REALIZE YOU WILL NEVER PLEASE EVERYONE

Each of us has skills, aspirations, and gifts in some form. Some might be mainstream, and some may be completely out there. When we nurture those non-traditional ones, we risk potentially rubbing someone the wrong way. And yet, we all know there is no way we can please everyone. When we take the risk to display what makes us unique or standout, we take a stand about what’s important to us. Maybe, just maybe, we have something important to say or share, and the world might benefit from it. That opportunity remains non-existent if we hold it in. Push yourself out of your comfort zone, and get ready to share your true self.  You might inspire someone. If people don’t embrace your efforts to stand out, realize they are holding you back. Perhaps you are pushing them to consider how they are living their lives, which can be uncomfortable. How much does that matter to you? Real friends and supportive colleagues will encourage you. And you’ll be admired and respected for putting yourself out there.  You just might have come up with a highly impactful solution.

REALIZE IT’S OK TO SWIM AGAINST THE CURRENT

Maybe you don’t believe every idea your colleagues are rallying around.  If you have a different opinion, share it. If you feel your team is heading down a bad path, raise it. If you have feelings about something and elect not to share, you will likely beat yourself up.  When we are bold and share our ideas, we understand we potentially risk alienating someone. Consider how important that is to you. If you are compromising your genuine self, you aren’t making the right choices.  Perhaps you’ll feel like an outsider for a bit, but you know intellectually that you’ll never be loved by everyone,  but they just might admire that you shared your point of view.  Your success and progress cannot be reliant on always making the “popular” choice. Real respect comes with authenticity.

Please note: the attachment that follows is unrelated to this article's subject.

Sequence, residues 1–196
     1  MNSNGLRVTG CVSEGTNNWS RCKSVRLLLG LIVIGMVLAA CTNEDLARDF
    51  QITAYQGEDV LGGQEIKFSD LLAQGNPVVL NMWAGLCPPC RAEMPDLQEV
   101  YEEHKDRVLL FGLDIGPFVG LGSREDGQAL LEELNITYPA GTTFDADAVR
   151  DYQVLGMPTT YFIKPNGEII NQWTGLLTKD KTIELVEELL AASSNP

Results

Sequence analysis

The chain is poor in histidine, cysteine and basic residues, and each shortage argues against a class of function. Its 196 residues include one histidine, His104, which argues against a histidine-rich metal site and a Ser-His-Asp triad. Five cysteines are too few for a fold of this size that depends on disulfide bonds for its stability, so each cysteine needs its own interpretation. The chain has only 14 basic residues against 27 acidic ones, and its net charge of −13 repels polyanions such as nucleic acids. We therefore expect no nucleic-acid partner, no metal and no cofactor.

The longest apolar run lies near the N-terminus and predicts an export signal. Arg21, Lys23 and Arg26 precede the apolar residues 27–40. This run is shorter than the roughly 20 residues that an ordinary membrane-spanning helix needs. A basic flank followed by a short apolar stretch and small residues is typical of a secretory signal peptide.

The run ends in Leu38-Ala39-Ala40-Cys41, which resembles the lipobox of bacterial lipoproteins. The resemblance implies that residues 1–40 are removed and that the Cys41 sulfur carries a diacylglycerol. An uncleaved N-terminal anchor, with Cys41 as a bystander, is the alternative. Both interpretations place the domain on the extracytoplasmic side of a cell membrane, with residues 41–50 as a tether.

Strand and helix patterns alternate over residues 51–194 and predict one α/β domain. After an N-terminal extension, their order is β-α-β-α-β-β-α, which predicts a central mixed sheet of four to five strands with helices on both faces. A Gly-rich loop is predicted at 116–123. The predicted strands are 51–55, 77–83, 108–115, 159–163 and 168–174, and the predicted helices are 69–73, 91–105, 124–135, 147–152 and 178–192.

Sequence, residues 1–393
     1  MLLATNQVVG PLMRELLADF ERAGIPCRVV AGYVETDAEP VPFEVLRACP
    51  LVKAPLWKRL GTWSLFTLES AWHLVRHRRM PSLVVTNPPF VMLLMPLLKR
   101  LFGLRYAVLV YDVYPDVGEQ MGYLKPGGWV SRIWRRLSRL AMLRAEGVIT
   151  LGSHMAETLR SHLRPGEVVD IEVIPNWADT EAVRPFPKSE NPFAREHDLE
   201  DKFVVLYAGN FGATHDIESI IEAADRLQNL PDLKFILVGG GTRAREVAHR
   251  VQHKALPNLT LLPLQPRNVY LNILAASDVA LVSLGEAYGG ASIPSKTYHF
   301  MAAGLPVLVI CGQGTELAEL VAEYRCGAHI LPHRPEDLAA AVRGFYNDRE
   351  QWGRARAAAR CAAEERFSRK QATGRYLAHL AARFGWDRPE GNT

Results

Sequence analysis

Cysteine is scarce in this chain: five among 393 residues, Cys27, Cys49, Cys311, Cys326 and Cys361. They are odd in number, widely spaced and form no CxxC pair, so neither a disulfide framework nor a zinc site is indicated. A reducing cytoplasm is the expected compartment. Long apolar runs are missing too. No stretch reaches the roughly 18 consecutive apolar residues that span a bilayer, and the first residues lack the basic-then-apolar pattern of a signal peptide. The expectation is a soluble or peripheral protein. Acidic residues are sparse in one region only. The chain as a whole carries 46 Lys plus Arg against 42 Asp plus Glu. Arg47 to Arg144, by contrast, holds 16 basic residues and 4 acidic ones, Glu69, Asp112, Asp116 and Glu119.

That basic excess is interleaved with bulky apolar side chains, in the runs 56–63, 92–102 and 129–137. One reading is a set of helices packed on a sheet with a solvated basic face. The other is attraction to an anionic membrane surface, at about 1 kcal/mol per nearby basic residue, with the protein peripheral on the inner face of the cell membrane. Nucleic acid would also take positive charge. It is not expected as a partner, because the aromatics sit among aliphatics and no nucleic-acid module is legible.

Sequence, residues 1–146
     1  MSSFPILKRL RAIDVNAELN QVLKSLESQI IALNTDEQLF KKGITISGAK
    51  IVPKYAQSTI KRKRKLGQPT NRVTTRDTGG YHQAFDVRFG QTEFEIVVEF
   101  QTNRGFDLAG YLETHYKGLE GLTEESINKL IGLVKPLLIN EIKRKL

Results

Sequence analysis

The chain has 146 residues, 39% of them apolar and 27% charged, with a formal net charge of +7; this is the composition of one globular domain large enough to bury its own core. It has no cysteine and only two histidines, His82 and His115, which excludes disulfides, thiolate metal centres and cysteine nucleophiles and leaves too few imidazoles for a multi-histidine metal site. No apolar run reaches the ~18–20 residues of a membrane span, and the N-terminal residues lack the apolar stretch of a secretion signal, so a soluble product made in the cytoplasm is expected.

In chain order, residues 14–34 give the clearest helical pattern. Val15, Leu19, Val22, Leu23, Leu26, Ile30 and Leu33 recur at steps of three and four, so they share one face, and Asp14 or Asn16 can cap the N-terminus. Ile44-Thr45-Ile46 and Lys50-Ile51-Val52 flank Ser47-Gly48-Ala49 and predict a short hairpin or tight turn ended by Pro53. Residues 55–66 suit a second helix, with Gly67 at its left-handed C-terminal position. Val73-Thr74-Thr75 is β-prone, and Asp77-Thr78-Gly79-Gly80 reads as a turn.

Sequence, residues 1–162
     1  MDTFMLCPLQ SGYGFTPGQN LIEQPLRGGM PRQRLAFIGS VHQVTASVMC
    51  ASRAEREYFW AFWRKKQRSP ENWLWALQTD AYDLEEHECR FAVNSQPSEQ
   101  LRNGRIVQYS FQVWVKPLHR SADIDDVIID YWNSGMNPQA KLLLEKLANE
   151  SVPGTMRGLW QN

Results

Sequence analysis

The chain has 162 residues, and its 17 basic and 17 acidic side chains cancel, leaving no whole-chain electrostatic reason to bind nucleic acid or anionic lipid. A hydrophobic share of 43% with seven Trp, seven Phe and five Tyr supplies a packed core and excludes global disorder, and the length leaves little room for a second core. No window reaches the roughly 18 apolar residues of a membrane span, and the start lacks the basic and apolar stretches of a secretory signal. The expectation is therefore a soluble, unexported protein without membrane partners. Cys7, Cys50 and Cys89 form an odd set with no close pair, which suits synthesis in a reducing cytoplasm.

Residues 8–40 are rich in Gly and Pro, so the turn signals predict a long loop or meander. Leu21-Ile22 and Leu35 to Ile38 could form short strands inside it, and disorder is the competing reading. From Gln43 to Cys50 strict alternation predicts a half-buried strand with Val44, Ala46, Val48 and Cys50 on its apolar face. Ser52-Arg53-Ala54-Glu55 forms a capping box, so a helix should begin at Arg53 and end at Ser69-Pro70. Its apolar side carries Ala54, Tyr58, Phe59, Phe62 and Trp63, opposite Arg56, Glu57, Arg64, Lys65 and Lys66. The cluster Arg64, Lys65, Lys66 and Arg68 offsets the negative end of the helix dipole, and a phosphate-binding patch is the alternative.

REALIZE YOU WILL FEEL UNCOMFORTABLE...AND EMBRACE IT

It can be downright uncomfortable to put yourself out there. Perhaps you stumble and expose yourself to potential embarrassment. And yet, no one dies from that. Putting yourself out there - whether it goes exactly the way you want it to or not - can be downright liberating.  And you’ll likely realize most people won’t be phased by what you believe is such a huge deal in your head. Is anyone good at karaoke? Not too many. And yet, when you have the courage to get out there and belt out your favorite power ballad, people cheer you on regardless of your skill level.

In today’s world with its complex dynamics, we all need to continue to encourage people to bring their authenticity to the office. Of course, there are rules, norms, and values every company asks people to embrace - but after that, understanding that “you doing you” might be a competitive advantage for both you and your company.


Christina Luconi is Chief People Officer for Rapid7. Follow her on Twitter: @peopleinnovator